This section is from the book "The Florist And Garden Miscellany". Also see: All New Square Foot Gardening: Grow More in Less Space!.
Early one morning in July (and the morning, as Mr. Paul says, is "the fittest time for these rambles") I paid a visit to Mr. Willison's Rose-Nursery, which is situated ahout a mile to the eastward of Whitby, and known by the name of "New Gardens," in which we have another instance, among many, of the impropriety of designating any place by the term new. These Gardens are now nearly 200 years old, as appears from the following inscription on a stone originally built in the wall:
"I SR Hvgh Cholmeley Kt and Barronet and Elizabeth my Deare Wife (Davghter to Sr Will: Twisden of Great Peckham in ye Covnty of Kent Kt and Barronet) bvilt this Wall and planted this Orchard Anno Domini 1652".
Under these lines is a shield bearing the arms of both families empaled, with the word Cholmeley near the Chomeley arms on the dexter side, and the word Twisden near the Twisden arms on the sinister side. Beneath the shield are these two lines:
"Our handy worke like to ye frutefull tree Bless thou, O Lord; let it not blasted bee".
The garden was cultivated almost exclusively for vegetables and horticultural produce until the year 1812, when a part of the ground was appropriated and converted into a Botanic Garden, Mr. Alexander Willison, the present lessee, being appointed the curator. The collection of botanical plants was never considerable, but included several very rare specimens. About the year 1828, the botanical department was discontinued for lack of support. Shortly afterwards, Mr. William Willison, the son of the lessee, began to cultivate Roses, and paid considerable attention to the raising of seedlings. At this time it was the only Rose-nursery in the north; in fact, 1 believe this was the only nursery in England where Roses were cultivated for sale to any extent, unless it was Mr. Rivers, who began some time about the same period.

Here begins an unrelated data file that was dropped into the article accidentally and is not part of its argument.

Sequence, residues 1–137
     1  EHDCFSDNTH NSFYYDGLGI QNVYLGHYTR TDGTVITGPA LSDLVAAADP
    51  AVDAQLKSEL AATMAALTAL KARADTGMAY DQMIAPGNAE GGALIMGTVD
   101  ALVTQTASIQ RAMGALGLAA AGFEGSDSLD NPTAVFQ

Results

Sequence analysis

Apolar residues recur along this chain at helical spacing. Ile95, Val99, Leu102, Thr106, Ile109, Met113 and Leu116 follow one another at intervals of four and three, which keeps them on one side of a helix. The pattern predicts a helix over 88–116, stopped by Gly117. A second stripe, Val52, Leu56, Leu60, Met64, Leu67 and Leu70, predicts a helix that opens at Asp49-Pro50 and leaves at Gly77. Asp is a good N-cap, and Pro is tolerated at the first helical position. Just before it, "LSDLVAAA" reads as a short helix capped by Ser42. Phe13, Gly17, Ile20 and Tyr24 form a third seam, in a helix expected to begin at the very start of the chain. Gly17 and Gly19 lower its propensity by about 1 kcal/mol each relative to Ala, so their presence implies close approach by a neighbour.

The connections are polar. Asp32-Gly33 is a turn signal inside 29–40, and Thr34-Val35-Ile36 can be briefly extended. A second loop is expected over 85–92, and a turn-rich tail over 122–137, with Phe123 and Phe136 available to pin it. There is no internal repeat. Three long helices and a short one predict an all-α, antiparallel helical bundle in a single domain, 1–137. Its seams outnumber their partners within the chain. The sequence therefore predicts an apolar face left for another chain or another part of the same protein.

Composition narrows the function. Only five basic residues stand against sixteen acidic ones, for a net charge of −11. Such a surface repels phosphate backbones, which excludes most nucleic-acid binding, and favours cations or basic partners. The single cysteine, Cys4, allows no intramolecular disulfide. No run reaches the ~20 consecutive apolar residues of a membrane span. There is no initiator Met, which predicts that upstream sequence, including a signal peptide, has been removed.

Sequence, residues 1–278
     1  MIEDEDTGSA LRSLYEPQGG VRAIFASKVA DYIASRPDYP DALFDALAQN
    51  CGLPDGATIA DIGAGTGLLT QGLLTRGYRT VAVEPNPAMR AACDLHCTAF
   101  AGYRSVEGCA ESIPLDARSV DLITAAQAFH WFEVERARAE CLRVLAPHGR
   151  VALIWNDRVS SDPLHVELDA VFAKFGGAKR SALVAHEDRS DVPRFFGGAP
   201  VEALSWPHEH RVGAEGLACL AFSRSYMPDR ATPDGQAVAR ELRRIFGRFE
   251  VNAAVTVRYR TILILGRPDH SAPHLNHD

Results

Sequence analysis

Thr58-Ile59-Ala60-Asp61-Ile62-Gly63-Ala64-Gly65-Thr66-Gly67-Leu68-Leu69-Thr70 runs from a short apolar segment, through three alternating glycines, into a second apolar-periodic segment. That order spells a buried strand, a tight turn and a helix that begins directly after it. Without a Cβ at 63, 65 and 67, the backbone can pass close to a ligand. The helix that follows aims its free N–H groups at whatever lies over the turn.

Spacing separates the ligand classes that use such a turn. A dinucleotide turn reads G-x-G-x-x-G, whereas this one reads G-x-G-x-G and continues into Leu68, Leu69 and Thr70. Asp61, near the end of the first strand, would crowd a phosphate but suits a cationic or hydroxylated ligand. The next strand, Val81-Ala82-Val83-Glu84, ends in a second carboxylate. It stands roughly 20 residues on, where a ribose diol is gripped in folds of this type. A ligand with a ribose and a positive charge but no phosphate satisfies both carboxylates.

The soil is of alluvial loam, tolerably stiff, and of considerable depth. There are about 700 varieties in cultivation at this nursery, comprising all the newest and best Roses grown, besides a great number of very fine seedlings. The Roses appear to thrive the best here cultivated as "pillar Roses," trained to tall pillars, and when in full bloom have a very fine effect. There are very few standard Roses in the nursery, except those cultivated for sale.
A great number of the China, Noisette, and other fine Roses do not bloom well in this locality except under glass; the bloom-buds rarely expand. I will therefore enumerate a few good Roses that appeared to bloom here in perfection.
Ayrshire: Ruga, flesh; Queen Victoria (Willison's), rosy lilac, blooming in graceful clusters. Multiflora: Model (Willison), purple, a beautiful Ranunculus-like flower. Hybrid Sweet Briers: A great number of double and semi-double varieties. Moss Roses: